“We are proud to be a pioneer in introducing the largest size stock shapes in the industry”, said Kathleen Cerchio, Director of Sales at Quantum Polymers. “This first-time availability of 8” diameter rods in glass and carbon fiber filled PEEK demonstrates our culture of constant innovation and continuous improvement.”

Extruded stock shapes from Quantum Polymers are offered when close-tolerance machined parts are required. Quantum’s excellent quality is due to manufacturing equipment that has been optimized for the complexities of high performance polymer extrusion. Extruded rods, tubes and plates manufactured in their Newark, DE plant are porosity free, which is especially critical for uniformity in thick cross sections and flawless machining. Quantum’s proprietary annealing techniques result in machined parts with no residual stress.

“It is refreshing to see the approach that Quantum Polymers is taking in providing high quality and innovative high performance polymers in shapes previously unavailable to our market”, says Randy White, President and CEO of Piper Plastics Inc.

Quantum stocks a broad inventory of rod and plate, offers small minimum order processing, and has short lead times for items not in stock at time of purchase (usually 2-3 weeks).


Composites could revolutionize shipping containers

By Stephen Moore
Published: March 30th, 2014

The humble shipping container has been around in its current form pretty much since its American inventor Malcolm McLean came up with the idea in 1956. At a meeting of the American Association for the Advancement of Science held in Chicago last month, Stephan Lechner, of the European Commission’s Joint Research Centre in Ispra, Italy, detailed how carbon fiber composites might revolutionize this tool of global trade.

While a composite container might cost EUR6000 ($8300) versus EUR2200 ($3050) or a steel container, at a diesel fuel cost of EUR1.6 per liter ($8.40/gallon), the composite container would break even after the container has traveled around 120,000 km (74,500 miles) on account of their lighter weight: 1.2 tonnes versus 2.2 tonnes for a steel container. They would also be corrosion-resistant to boot.

Composite containers could also potentially be foldable, meaning they could be laid flat on their return to China. Further, they would also be more secure because they could be easily scanned without opening.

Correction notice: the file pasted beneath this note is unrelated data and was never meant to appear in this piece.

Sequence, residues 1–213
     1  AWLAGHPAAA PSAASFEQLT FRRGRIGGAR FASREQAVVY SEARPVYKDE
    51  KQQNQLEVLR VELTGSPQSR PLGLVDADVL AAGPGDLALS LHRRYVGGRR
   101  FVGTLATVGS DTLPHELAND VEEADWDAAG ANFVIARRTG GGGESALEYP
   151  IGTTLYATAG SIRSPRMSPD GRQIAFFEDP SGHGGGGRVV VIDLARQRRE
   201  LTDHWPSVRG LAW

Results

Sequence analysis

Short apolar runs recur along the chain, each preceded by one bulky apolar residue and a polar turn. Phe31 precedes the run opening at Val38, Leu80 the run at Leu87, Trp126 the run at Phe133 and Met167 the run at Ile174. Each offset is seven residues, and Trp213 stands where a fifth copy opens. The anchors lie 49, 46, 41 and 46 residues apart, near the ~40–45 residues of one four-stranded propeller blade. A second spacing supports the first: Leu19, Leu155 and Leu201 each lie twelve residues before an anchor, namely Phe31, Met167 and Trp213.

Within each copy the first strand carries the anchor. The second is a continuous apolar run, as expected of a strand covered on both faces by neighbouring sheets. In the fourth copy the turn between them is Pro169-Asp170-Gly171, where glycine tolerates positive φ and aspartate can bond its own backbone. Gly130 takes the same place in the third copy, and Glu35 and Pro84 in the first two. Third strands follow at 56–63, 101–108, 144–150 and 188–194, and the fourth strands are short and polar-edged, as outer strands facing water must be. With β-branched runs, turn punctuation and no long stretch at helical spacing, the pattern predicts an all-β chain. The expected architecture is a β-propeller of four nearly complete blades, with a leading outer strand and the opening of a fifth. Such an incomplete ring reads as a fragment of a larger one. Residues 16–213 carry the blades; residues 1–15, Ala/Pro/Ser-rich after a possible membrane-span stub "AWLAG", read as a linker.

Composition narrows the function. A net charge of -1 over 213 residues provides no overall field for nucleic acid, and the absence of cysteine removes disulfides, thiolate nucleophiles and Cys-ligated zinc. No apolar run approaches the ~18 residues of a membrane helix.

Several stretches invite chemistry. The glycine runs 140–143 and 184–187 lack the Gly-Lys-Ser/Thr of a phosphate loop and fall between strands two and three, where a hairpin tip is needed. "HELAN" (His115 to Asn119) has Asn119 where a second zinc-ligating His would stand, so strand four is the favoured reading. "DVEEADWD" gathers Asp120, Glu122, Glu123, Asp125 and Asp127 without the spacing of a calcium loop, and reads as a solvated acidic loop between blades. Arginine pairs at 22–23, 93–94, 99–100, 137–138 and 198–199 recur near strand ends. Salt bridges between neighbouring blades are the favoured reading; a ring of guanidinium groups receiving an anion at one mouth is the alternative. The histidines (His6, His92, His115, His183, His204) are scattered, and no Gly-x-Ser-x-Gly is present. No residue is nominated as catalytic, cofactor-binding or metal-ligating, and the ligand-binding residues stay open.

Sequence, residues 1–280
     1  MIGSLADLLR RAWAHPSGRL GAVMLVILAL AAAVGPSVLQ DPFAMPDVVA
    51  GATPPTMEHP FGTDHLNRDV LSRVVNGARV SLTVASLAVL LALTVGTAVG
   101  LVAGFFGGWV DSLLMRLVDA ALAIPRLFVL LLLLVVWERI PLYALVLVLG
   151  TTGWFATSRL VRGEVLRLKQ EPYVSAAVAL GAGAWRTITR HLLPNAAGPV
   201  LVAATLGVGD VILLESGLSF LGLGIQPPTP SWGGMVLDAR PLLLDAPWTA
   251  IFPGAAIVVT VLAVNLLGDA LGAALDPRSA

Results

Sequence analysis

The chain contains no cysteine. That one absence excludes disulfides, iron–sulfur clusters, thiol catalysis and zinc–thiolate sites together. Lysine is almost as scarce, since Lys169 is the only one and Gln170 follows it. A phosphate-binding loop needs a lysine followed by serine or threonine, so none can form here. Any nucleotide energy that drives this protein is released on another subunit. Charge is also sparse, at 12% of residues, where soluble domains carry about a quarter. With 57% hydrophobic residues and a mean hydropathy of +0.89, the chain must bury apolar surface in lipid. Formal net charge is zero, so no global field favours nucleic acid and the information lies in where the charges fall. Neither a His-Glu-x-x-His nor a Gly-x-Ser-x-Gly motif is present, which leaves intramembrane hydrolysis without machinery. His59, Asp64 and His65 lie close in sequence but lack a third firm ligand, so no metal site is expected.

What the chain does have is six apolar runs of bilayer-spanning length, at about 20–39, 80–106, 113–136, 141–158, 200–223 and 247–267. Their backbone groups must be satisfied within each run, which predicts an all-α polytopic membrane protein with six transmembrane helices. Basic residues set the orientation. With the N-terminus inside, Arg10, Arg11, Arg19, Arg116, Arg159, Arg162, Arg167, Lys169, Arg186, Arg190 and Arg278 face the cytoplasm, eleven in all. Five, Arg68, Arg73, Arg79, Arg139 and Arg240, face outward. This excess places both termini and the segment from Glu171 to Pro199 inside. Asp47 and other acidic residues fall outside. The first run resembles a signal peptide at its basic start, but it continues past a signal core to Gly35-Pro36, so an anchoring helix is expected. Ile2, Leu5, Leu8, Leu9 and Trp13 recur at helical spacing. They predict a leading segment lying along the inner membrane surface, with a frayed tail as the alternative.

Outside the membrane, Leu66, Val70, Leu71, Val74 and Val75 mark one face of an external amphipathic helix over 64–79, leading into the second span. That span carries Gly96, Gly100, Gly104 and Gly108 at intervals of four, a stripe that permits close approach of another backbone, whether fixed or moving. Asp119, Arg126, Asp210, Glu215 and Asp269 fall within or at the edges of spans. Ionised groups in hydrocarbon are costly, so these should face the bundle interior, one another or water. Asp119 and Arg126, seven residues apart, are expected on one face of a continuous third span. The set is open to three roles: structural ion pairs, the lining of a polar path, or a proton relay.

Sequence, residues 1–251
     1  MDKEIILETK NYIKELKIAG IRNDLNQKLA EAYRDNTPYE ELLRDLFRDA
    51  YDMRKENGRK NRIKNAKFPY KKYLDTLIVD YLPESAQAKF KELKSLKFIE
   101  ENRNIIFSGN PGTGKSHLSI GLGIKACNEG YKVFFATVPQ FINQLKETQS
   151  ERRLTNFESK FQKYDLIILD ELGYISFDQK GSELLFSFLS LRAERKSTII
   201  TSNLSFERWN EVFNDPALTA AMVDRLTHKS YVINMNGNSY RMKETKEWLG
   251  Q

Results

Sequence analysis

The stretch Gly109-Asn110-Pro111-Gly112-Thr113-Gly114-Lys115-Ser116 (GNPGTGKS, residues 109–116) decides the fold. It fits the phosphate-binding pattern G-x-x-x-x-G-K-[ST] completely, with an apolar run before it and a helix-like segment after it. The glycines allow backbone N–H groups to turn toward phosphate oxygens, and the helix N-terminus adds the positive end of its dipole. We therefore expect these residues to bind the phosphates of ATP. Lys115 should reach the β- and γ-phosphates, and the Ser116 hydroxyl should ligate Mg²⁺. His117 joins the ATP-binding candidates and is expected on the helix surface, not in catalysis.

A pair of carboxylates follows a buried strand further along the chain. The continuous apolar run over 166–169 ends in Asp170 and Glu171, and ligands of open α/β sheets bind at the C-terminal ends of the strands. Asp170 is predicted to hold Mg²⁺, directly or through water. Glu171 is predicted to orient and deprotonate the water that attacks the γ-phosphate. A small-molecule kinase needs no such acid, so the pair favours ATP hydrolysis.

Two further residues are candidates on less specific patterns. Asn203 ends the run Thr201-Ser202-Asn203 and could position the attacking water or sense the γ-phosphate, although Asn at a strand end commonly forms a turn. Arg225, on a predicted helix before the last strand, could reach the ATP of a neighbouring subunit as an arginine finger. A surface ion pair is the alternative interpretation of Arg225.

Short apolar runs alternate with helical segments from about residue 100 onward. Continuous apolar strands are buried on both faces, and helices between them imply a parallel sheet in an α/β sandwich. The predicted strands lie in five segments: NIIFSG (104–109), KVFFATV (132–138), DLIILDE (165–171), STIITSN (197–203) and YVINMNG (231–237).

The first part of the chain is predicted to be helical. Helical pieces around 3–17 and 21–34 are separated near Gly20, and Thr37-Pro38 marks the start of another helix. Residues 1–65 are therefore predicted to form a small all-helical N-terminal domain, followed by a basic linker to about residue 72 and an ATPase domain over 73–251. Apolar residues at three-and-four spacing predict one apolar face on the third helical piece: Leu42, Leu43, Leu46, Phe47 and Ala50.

In 2006 America’s Congress passed a law requiring all containers arriving from abroad into American ports to be scanned for illicit materials and illegal immigrants but the deadline for compliance continues to be pushed back due to technical issues: scanning steel requires high-power X-rays, or even gamma rays, which are expensive to generate and hazardous. Carbon-fiber composite containers, however, could be scanned with “soft” X-rays, which are easier to generate and use.

Lechner and his team are also proposing the embedding of vibration sensors in containers powered that would be powered by piezoelectric materials. These could be used to spot stowaways or shifting cargo. In this manner, they would be powered by the very vibrations they were designed to detect. Low-powered wireless networks, supplied with electricity in a similar manner, would then relay the info to port authorities. Lechner’s team have proved that the idea works in principle. Other sensors could also be embedded to track a container across the seas, and red-flag suspicions trans-shipment patterns, for example. European authorities currently uncover something untoward in about one-fifth of the containers they flag as suspicious, highlighting the need for close monitoring.

Lightweight containers take to the air.

In a related development, TenCate Advanced Armor USA (Newark, OH) has signed a teaming agreement with Air Cargo Containers, LLC (Phoenix, AZ) to manufacture lightweight air cargo containers. The fully-certified, lightweight, composite air cargo carriers have a tare weight of 480 lb. (218 kg) or about 350 lb. (159 kg) less than competing aluminum containers, a 42 percent weight savings.